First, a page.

Iranian movie night: Crimson Gold (Jafar Panahi, 2003)

Sunday 22 January 2023, Iranian movie night: Crimson Gold, directed by Jafar Panahi, written by Abbas Kiarostami, 2003, 95 minutes. In Farsi with English subtitles. Doors open at 20:00, film starts at 20:30.

The film depicts an impoverished pizza delivery man’s failed attempt to rob a jewelry store and the events that drove him to his crime. The story is based on real events that Panahi first heard about when Kiarostami told him the story while they were stuck in a traffic jam on their way to one of Kiarostami’s photographic exhibits. Panahi was extremely moved by the story and Kiarostami agreed to write the script for him to direct. Panahi submitted the film to the Cannes Film Festival without being granted a permit from the Ministry of Culture and Islamic Guidance. Panahi had applied for the permit but the Ministry demanded several cuts be made to the film. Panahi refused and submitted the film anyway. Like The Circle, Crimson Gold was banned in Iran.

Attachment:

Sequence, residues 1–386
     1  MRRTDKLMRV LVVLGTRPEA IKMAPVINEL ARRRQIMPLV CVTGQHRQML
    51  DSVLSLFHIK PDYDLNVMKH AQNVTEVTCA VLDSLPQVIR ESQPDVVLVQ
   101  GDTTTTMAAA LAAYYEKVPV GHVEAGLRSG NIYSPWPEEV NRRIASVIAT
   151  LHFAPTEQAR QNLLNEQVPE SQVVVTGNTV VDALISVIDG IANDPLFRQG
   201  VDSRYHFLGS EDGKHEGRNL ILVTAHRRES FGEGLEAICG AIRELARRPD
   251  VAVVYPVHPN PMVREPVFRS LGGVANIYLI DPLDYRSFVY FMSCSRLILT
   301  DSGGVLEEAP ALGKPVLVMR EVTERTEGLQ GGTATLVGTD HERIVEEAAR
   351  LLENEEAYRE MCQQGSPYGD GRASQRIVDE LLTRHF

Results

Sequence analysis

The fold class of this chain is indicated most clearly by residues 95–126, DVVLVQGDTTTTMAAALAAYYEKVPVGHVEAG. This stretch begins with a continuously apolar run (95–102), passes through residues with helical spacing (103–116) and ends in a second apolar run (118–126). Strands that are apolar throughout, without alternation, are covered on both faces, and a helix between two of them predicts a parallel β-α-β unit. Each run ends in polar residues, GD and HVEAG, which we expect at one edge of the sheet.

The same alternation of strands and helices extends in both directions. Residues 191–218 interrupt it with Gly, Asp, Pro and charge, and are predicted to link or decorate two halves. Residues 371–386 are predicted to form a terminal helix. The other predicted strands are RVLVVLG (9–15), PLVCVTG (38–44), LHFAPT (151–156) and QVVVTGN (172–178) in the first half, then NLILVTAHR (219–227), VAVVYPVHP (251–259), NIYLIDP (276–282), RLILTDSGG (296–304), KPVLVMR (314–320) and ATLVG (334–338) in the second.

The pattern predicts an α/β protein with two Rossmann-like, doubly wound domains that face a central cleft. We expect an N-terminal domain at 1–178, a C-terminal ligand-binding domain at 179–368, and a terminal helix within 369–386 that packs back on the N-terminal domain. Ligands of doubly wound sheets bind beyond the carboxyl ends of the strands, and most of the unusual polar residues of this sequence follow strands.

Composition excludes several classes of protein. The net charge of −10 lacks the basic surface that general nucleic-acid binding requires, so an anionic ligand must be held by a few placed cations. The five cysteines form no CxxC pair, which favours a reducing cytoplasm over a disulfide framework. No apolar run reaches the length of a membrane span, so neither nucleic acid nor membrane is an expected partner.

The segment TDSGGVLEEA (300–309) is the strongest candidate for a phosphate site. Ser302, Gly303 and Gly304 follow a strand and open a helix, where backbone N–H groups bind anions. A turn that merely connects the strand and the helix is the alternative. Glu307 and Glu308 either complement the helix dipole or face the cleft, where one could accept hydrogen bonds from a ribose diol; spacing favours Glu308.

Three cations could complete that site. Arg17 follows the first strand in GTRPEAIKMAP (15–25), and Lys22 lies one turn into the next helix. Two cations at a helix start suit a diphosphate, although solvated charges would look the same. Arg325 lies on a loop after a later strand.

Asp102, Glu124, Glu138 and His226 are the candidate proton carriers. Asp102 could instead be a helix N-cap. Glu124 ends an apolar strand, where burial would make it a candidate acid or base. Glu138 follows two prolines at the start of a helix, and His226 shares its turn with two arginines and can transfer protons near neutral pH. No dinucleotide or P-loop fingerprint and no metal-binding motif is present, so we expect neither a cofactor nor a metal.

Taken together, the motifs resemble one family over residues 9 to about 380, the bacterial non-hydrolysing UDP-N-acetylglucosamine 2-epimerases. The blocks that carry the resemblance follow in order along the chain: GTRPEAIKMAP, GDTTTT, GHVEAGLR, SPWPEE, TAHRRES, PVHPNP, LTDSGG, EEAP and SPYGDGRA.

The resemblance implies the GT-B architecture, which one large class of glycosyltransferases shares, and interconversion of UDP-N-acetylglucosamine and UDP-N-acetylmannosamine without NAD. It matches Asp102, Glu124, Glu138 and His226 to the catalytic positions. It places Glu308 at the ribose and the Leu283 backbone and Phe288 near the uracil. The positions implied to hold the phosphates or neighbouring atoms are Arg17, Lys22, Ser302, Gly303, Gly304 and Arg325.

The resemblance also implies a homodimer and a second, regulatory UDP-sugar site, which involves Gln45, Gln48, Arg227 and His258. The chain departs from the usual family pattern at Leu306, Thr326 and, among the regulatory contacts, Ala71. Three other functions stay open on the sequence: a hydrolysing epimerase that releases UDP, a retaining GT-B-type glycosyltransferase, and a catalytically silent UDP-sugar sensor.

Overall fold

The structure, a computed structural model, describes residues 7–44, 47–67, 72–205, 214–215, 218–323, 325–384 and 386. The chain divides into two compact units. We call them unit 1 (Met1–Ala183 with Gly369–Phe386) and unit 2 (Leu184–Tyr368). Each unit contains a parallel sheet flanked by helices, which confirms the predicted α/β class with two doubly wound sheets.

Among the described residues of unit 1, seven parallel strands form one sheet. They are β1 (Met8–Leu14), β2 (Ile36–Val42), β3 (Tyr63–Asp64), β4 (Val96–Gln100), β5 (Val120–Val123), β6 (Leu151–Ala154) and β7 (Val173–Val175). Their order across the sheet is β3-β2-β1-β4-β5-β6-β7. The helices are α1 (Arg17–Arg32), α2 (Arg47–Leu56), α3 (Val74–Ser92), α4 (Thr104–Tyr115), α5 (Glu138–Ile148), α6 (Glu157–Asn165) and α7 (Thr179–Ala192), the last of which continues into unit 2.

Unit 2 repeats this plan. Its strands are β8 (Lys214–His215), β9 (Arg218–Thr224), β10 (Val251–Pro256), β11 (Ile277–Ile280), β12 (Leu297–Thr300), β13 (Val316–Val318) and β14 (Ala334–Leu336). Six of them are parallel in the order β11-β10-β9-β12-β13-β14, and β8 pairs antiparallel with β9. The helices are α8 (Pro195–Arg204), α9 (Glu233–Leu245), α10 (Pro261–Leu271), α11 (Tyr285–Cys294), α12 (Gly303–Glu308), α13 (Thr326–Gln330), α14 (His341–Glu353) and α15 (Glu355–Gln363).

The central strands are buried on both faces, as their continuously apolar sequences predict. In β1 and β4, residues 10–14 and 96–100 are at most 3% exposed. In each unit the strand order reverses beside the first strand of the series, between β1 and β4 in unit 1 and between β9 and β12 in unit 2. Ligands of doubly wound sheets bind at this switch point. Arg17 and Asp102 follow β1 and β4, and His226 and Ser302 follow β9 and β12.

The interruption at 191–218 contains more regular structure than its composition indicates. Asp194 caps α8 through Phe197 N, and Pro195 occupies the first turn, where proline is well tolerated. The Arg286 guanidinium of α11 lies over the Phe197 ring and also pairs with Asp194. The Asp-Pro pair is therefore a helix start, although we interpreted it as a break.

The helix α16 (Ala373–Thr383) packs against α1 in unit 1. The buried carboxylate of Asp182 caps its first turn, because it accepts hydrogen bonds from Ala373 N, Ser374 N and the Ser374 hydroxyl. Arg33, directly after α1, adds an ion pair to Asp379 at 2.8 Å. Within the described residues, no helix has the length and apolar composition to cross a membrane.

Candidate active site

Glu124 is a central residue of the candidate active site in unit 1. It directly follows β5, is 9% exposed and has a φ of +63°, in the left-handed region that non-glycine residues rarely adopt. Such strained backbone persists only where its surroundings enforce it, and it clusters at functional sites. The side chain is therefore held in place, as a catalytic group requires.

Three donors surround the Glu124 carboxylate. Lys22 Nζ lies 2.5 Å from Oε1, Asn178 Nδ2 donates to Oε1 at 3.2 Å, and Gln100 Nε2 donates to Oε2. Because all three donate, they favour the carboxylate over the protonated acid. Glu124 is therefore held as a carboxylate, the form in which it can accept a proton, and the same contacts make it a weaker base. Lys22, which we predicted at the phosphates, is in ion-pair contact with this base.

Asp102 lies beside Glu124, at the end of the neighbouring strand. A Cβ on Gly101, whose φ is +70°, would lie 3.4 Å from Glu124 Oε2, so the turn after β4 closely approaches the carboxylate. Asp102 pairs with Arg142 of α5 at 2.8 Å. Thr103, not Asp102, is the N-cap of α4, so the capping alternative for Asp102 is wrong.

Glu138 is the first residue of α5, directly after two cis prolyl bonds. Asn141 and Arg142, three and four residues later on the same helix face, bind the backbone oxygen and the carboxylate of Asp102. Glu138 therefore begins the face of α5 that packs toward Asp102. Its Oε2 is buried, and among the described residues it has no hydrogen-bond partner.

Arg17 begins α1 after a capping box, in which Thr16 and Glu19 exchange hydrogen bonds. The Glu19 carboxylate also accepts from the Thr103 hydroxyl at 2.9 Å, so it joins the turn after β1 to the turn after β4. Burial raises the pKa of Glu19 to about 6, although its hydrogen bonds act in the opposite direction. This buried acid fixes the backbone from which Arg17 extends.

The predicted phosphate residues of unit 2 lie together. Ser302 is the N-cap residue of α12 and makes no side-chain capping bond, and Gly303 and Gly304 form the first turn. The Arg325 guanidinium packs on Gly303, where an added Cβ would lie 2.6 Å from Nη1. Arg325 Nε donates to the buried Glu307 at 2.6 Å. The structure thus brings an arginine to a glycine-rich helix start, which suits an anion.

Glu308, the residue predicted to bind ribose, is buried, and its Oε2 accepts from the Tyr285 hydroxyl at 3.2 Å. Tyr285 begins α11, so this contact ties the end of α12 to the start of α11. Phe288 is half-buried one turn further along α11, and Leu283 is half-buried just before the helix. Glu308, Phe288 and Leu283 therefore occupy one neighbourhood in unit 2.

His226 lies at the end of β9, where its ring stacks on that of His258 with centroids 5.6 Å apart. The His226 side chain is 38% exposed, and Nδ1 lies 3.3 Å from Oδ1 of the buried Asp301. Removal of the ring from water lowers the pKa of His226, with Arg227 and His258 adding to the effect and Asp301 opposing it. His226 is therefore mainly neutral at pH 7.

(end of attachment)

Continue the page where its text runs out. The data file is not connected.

In December 2010, Jafar Panahi has been sentenced to a six-year jail sentence and a 20-year ban on directing any films, writing screenplays, giving any form of interview with Iranian or foreign media and from leaving the country. He was prosecuted for attempting “to commit crimes against the country’s national security and propaganda against the Islamic Republic”. In October 2011, a court in Tehran upheld Panahi’s sentence and ban. Following the decision, Panahi was placed under house arrest. He had since been allowed to move more freely but he couldn’t travel outside Iran.